Dennis Kinch not only walks despite being in constant pain — he walks because of it.
And it’s not like this Massachusetts-born man is taking a simple trek to the corner store.
Kinch is walking the 2,400 miles of the infamous Route 66 to raise awareness of chronic pain.
He made a pit stop in Tucumcari earlier this week where he visited Dan. C. Trigg Memorial Hospital to hand out brochures, postcards and speak with anyone who wanted to talk.
“In small towns like this it’s very informal,” Kinch said. “I just swing by to say ‘Hi.’”
In some of the larger clinics of the more than 50 he already visited since he began his trek in September, he said he’ll give more formal talks on the topic of pain and the organization that is sponsoring his walk, the National Pain Foundation. Kinch is the forerunner of their “Where’s Dennis?” campaign, a grassroots effort to increase pain awareness.
“I am a pain sufferer myself,” said the man who has spent the last five years in constant agony and 15 years prior to that in a dull ache. “I went through the ringer — the pain cycle, medical confusion. I lost everything, the whole American dream, my kids. I was homeless.”
Luckily, Kinch said, he ended up homeless in Boston, where he qualified for treatment at a top pain clinic.
“I found out what my diseases were,” he said, after several years of pain with no diagnosis. Kinch suffers from Paget’s disease and ankylosing spondylitis, the former of which degenerates the bone; the latter a type of arthritis that affects the spine and body joints, according to the NPF.
“I found out I was lucky to be walking,” he said.
Kinch said that was the turning point in his pain journey, a trek he likened to the stages of grief, one he said has turned into a spiritual quest.
As if in validation of his motives, Kinch said one enlightened moment happened just last week, when he realized he was at the midpoint of his walk on his 51st birthday. He said he actually forgot his birthday until he reached the Texas-New Mexico border — at 12:50 a.m.
“I looked at my watch and said ‘Oh no, I ain’t gonna make it’ because I thought I just missed having my birthday fall on the exact day I hit the midpoint of my walk.”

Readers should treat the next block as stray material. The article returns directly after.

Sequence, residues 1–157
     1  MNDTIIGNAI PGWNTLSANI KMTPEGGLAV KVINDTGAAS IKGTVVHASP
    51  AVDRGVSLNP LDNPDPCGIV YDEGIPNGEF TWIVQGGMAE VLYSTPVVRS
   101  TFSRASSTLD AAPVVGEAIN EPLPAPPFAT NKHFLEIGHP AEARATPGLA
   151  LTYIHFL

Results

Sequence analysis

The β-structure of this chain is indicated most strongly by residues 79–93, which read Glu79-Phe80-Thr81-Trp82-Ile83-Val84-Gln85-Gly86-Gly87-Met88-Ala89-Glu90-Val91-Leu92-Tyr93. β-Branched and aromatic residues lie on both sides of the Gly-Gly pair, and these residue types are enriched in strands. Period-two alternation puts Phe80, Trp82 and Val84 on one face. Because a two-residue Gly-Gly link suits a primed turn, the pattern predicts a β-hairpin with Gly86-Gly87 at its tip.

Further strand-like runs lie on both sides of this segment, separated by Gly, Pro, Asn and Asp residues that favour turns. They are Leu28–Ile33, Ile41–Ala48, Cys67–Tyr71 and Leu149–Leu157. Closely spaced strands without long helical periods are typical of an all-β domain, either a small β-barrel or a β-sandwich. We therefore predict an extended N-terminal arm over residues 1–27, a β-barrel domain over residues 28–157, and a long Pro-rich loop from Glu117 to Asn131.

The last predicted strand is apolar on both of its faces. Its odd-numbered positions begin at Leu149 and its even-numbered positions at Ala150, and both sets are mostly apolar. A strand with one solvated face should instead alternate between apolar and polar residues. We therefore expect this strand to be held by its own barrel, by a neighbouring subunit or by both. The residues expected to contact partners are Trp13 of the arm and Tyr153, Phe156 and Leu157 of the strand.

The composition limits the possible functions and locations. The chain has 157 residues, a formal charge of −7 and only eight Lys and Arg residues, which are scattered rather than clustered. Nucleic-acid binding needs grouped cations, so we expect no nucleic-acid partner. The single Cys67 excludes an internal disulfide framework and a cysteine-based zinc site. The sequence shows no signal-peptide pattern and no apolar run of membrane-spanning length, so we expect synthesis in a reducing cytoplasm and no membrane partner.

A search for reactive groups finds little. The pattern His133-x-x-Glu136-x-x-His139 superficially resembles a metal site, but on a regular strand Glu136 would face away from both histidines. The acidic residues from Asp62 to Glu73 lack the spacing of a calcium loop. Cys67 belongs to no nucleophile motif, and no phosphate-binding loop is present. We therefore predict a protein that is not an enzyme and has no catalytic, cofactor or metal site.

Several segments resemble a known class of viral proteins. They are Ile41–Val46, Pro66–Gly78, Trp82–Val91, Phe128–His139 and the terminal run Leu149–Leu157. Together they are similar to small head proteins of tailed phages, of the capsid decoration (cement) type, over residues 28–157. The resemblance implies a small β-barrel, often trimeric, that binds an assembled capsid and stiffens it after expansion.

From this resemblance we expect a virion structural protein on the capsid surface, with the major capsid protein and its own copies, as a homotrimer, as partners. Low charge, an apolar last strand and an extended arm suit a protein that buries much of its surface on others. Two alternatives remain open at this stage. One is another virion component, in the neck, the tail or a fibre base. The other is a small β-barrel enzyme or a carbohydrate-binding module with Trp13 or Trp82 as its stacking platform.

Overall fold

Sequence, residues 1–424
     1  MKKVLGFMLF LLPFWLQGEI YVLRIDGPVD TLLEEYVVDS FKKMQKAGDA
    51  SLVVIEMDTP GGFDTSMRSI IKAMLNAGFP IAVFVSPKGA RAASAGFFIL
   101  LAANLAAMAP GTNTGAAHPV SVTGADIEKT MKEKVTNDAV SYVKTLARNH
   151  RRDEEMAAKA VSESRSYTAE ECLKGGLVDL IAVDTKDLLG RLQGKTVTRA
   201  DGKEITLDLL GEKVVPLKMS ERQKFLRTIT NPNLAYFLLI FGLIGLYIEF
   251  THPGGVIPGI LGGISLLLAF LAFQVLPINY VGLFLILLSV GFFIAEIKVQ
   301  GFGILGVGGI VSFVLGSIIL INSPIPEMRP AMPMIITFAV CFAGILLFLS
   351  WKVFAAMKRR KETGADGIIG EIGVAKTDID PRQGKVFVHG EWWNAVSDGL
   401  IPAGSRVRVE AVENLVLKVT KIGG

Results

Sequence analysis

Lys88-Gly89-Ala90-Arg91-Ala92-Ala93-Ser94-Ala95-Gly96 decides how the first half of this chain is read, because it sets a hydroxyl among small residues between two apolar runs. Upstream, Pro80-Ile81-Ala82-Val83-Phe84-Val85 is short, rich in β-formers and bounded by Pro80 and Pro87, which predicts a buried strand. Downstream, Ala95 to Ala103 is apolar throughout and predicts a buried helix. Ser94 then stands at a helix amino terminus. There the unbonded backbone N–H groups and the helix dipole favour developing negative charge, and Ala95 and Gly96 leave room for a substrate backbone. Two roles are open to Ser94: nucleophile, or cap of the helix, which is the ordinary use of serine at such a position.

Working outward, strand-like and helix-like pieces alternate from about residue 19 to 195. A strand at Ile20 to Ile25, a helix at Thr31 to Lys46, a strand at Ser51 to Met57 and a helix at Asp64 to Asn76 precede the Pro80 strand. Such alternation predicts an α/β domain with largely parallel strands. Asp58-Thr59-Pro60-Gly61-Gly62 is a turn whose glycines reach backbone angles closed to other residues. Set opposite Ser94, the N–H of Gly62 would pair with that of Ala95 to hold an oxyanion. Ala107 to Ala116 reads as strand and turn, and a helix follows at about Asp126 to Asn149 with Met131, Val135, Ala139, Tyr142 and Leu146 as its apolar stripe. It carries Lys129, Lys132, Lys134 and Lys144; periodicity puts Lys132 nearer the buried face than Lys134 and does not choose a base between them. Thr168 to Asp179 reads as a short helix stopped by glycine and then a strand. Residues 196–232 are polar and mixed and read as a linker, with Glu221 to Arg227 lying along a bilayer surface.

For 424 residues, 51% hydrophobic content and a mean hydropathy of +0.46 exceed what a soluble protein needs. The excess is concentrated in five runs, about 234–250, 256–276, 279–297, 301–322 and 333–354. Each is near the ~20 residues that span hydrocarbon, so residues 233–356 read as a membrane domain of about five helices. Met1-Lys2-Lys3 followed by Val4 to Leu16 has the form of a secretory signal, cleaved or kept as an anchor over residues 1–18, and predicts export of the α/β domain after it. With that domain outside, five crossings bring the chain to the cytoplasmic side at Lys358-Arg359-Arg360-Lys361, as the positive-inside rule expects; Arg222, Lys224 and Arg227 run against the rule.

But then he crossed into New Mexico — where the clocks are set one hour earlier.
“I was on the wrong side,” Kinch said of his crossing over from the negative depths of depression to the positive side of hope. “After visiting more than 1,000 patients, I see how lucky I am.”
In addition to ending up at one of the top pain clinics in the United States where he was well-educated with pain classes and with his own in-depth research, Kinch said he was equally as fortunate in another area.
“I have a physical therapist that doesn’t kid around,” he said. “She just point blanked me with the stuff I needed to hear.”
Not that hearing the truth is always pleasant, he said, but it’s what helped him climb from the morass of despair and it’s what he passes along to the hundreds — if not thousands — of
other pain patients he reaches out to educate and support.
Even if the truth is unpleasant, he said his Route 66 walk has been a total joy — even with two tornadoes and a week-long cold snap.
He said not once has he wanted to quit, unlike the first pain walk he did from his native Attleboro, Mass., to Washington, D.C., last spring.
“On my first walk I was constantly faced with wanting to give up,” he said. “It was like walking the gauntlet.”
He said the point of that journey was to “bang down the doors” at the nation’s capital to help change laws regarding medication and insurance practices. Instead, his quest has turned into the grassroots movement to help change things through education and awareness.
“I wanted to do something big,” Kinch said, “while I still could. It’ll get worse. My disease crumbles the bone. You do what you can, when you can.”
Kinch is expected to reach Los Angeles and the end of his Route 66 journey in May or June.
In the meantime, he is making another pit stop in Albuquerque where he will fly to four California cities for speaking engagements, then back to Albuquerque to continue his walk.
“Dennis is an inspiration to all who live with chronic pain,” said NPF Executive Director Mary Pat Aardrup, adding there are about 50 million Americans afflicted. “The number one problem that chronic pain sufferers face is validation. Dennis’ walk is meant to make people aware of this very real and very serious health problem.”
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